3. Kenneth Conklin, "Educational Evaluation and Intuition," Educational Forum 34 (March 1970): 323-32.
4. The Unitarian church provides an example of a religion which is structure believer tentativist. Unitarians are proud that they have no formal creed, other than respect for the rights of individuals to pursue Truth and to proclaim beliefs. The diversity of theological and social beliefs among Unitarians is startlingly wide, but all seem genuinely welcome. Unitarians enjoy lively debate as a form of recreation and as evidence of serious commitment to the pursuit of Truth not yet known and apparently unknowable. Although Unitarianism is a Christian sect, many Unitarians believe Jesus was no more divine than any other human has the potential of becoming, and some Unitarians consider it unimportant whether there ever was a historical, physically present Jesus. Once I had the privilege of serving as guest minister for a month at a Unitarian church. I devoted all my "sermons" to the topic of Unitarian creedlessness and the apparent conflict between pursuing Truth and believing it is unreachable. But my "parishioners" were quick to jump to the defense of their creedlessness, and agile in intellectual wrestling. Despite my official nonmembership they gave me authority to preside over their ceremonies (perhaps because they believe that all persons of good will are de facto Unitarians). Despite my unordained status they asked me to organize and preside over the baptism of two children, and observed my laying-on of hands with all the seriousness appropriate to baptism by a priest.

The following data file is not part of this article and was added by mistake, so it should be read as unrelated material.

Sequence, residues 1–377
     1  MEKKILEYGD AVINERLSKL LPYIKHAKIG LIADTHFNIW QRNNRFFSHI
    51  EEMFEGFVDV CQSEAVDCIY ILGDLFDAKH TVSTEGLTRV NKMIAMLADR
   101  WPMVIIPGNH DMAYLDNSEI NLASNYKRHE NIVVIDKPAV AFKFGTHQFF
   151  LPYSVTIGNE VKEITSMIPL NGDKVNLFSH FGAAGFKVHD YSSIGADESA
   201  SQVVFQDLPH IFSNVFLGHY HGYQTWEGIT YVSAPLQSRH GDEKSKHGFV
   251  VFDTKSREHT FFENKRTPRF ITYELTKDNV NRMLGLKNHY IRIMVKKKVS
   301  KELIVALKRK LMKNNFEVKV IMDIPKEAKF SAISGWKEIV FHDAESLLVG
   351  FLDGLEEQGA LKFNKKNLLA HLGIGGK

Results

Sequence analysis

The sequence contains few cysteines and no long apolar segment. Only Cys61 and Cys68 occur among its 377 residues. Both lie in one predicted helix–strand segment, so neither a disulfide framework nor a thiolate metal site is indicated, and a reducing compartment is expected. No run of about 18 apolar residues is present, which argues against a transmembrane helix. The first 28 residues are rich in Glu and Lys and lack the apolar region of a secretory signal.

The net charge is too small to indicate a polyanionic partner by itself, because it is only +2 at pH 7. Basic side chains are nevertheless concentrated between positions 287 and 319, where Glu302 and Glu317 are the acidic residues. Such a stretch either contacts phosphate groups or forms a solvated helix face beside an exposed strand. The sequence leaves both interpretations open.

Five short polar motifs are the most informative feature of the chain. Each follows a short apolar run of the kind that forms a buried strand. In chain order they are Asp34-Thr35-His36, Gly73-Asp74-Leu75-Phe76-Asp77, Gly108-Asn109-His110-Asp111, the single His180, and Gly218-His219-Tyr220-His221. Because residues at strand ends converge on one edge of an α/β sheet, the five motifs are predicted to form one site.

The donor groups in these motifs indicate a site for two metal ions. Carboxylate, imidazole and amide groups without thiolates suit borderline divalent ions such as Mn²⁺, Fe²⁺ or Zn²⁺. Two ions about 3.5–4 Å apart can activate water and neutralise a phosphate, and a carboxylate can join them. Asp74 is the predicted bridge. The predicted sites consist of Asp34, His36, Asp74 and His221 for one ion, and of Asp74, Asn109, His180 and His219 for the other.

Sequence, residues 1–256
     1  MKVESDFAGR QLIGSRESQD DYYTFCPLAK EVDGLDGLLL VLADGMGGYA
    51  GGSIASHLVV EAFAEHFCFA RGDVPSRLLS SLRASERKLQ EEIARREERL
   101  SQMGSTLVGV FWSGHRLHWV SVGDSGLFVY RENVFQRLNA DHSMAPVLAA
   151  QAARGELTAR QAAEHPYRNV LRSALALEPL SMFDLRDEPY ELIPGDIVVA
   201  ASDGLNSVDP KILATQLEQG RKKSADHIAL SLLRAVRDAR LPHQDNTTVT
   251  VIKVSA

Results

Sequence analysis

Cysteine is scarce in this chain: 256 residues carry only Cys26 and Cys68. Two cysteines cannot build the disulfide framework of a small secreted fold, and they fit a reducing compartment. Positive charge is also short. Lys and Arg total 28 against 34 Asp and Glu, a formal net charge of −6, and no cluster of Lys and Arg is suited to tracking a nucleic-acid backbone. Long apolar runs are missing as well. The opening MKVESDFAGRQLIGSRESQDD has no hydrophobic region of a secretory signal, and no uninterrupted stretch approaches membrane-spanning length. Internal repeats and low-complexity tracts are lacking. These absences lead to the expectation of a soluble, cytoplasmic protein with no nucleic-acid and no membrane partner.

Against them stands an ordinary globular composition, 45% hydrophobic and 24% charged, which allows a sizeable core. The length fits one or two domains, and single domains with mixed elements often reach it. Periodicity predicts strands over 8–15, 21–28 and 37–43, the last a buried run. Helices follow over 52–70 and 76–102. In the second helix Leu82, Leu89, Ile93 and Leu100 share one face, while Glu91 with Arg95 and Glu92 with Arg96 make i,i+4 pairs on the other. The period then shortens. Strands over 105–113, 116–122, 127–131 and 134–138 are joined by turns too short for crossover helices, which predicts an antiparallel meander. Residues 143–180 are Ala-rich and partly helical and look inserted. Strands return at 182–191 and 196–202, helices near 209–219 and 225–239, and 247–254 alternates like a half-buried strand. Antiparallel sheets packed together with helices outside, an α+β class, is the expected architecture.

5. Kenneth R. Conklin, "The Pedagogical Cultivation of Crisis as an Aid to Self-Realization," cassette tape number 8 in Education for Self-Realization
(Teaneck N. J.: Sigma Information).
6. Kenneth Conklin, "Fallibilism: A Terrible Mistake," Educational Forum
34 (November 1971): 35-42.
7. Karl R. Popper, The Poverty of Historicism (New York: Harper Torchbooks, 1964).